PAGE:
And what exactly is $204.80 going to buy you? It sure aint going to buy you a Porsche or a house with a swimming pool. When you have turned that $304.80 into $1,000,000, Pearldiver still isn't going to congratulate you. Successful people dont shout about their financial details, so first lesson in becoming a millionaire..... dont tell people that you are nearly a millionaire. In your case, thousandair. I have a very good friend who lives in Talinn, and I'm sure that he will tell me that $204.80 is not a lot of money their either.
There are many important questions to ask. Basically, they can be boiled down to:
-What are you going to use the investment for? (there are special investments for retirement and education)
-When will you need to use the money from your investment? (mutual funds can be very profitable in a 10-year period. But, they usually will barely break even after 5 years)
-What level of risk are you comfortable with?
I'd also like to share a different perspective on risk. Please consider that fact low-risk usually equates with low-returns. If you don't need/expect your investment to grow much or you only want to invest for a very short time, that might be the best option for you. However, if your investments don't have a high enough return, you are running a 100% risk of failing to reach your investment goals/needs.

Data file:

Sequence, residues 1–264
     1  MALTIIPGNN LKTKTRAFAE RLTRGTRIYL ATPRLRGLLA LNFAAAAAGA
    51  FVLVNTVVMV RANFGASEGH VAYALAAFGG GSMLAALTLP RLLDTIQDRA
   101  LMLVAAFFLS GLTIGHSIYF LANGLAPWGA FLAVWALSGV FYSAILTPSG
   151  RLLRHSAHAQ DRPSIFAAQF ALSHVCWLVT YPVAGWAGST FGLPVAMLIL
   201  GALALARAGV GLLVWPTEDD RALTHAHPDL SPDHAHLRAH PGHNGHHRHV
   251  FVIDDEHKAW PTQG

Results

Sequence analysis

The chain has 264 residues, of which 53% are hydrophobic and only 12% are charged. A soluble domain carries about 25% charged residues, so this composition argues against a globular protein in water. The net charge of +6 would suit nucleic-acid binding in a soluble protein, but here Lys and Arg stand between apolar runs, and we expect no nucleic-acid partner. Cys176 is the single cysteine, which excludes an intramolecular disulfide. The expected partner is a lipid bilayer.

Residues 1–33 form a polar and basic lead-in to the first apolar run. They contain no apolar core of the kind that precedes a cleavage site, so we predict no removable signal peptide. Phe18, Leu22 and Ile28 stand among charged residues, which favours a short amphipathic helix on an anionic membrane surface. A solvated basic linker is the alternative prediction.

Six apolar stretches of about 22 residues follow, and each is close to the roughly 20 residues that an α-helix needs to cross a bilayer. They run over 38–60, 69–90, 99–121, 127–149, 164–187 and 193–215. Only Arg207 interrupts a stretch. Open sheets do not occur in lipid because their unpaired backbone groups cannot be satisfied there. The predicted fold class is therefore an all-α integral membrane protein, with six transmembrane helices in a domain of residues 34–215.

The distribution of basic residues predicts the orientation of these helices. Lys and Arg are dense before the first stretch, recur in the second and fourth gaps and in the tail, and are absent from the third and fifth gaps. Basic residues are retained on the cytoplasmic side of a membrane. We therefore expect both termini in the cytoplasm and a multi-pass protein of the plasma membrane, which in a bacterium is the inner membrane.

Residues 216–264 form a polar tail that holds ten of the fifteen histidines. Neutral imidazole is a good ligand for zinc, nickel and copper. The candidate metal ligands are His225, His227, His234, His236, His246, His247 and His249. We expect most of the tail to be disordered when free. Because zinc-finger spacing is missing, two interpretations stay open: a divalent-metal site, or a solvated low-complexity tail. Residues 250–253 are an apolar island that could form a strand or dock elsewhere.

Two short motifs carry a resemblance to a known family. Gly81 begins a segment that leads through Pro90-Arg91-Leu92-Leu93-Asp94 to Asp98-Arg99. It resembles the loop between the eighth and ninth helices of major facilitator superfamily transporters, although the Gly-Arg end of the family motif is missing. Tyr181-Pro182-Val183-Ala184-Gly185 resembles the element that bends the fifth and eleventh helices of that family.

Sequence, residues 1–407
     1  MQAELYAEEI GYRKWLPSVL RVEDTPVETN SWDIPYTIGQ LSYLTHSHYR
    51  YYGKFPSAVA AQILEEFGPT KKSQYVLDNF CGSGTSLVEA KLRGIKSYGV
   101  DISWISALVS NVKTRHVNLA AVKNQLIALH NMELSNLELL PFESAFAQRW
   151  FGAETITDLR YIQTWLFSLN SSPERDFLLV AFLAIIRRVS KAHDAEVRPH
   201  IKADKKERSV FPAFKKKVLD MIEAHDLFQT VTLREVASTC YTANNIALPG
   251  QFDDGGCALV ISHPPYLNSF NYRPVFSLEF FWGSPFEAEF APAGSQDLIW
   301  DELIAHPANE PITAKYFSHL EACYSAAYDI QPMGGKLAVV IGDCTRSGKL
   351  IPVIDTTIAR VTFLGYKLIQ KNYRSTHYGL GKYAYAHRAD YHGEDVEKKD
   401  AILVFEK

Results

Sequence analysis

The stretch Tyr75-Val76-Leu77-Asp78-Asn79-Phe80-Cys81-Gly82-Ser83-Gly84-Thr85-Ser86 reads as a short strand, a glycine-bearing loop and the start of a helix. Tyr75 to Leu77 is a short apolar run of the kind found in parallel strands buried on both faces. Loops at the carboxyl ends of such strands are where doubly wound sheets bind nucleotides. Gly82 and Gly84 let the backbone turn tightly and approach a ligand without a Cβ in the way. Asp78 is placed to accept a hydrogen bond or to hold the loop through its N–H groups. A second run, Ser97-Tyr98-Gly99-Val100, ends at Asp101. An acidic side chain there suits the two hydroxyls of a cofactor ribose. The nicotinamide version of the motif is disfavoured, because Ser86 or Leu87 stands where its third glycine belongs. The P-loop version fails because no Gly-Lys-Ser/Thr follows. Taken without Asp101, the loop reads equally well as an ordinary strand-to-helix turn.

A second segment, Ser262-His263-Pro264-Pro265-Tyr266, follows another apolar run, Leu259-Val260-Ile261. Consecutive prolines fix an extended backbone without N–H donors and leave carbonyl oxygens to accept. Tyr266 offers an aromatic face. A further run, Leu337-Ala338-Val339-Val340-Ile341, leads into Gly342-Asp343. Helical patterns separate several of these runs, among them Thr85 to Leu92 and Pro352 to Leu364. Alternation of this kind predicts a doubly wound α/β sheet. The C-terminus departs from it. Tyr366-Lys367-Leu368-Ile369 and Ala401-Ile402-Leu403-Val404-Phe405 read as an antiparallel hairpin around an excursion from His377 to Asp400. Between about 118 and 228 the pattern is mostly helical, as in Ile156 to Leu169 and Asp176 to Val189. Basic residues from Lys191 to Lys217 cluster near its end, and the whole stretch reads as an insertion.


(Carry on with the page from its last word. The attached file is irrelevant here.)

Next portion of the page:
Finally, please keep in mind that inflation has averaged between 3-4%. If your investment is returning less than 4%, there's a good chance that when you decide to use it, it will buy you less than it does today. Capitol gains taxes can apply to many investments and will generally take about 15-25% of your investment's profit or interest rate. In conclusion, your investment needs to return an average of 5-6% per year to make an actual profit.
I hope this helps.
Stocks! If you don't know anything about them, just invest in a sound company like Coca Cola or Wal-Mart.
Stocks have already doubled in less than a year and will probably triple in the next 2 years.
I think that the performance of stocks in the last 9 months is a once in a lifetime event. I highly doubt stocks will triple in the next two years, especially since this recession is not over yet. I also think stocks are overvalued right now.
Tim, I can agree with you if you meant that they would triple overall. That would mean that they have about another 50% gain from where they are right now. Otherwise, I would have to agree with ForexCashBack that this was a once in a lifetime event (assuming the 'double dip' doesn't happen).
Forex, that's a great ROI! I was doing that back in March through May with financial stocks. But, I've been stuck at about 5% per month since then. Congrats! If you can keep that up, you'll be set in just a few years.
I bought a private amount of shares in AIG at 1.70 sold at 40 and some change.